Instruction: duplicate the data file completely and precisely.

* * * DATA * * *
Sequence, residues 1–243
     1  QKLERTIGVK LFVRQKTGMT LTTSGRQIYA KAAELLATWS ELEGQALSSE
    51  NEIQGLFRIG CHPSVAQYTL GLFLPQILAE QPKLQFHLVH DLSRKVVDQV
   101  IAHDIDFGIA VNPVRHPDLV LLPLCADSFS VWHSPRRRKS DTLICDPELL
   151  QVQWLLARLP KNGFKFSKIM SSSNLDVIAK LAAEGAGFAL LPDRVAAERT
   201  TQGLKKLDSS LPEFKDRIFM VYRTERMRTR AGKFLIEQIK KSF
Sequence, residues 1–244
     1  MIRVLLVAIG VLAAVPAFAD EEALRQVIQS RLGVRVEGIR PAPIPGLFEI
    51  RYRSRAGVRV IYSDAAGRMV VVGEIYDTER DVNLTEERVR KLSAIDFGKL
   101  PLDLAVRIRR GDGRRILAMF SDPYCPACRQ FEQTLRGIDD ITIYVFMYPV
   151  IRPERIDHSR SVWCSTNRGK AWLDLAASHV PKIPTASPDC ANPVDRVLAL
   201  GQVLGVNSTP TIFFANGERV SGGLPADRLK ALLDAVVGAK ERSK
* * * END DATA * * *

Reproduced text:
Sequence, residues 1–243
     1  QKLERTIGVK LFVRQKTGMT LTTSGRQIYA KAAELLATWS ELEGQALSSE
    51  NEIQGLFRIG CHPSVAQYTL GLFLPQILAE QPKLQFHLVH DLSRKVVDQV
   101  IAHDIDFGIA VNPVRHPDLV LLPLCADSFS VWHSPRRRKS DTLICDPELL
   151  QVQWLLARLP KNGFKFSKIM SSSNLDVIAK LAAEGAGFAL LPDRVAAERT
   201  TQGLKKLDSS LPEFKDRIFM VYRTERMRTR AGKFLIEQIK KSF
Sequence, residues 1–244
     1  MIRVLLVAIG VLAAVPAFAD EEALRQVIQS RLGVRVEGIR PAPIPGLFEI
    51  RYRSRAGVRV IYSDAAGRMV VVGEIYDTER DVNLTEERVR KLSAIDFGKL
   101  PLDLAVRIRR GDGRRILAMF SDPYCPACRQ FEQTLRGIDD ITIYVFMYPV
   151  IRPERIDHSR SVWCSTNRGK AWLDLAASHV PKIPTASPDC ANPVDRVLAL
   201  GQVLGVNSTP TIFFANGERV SGGLPADRLK ALLDAVVGAK ERSK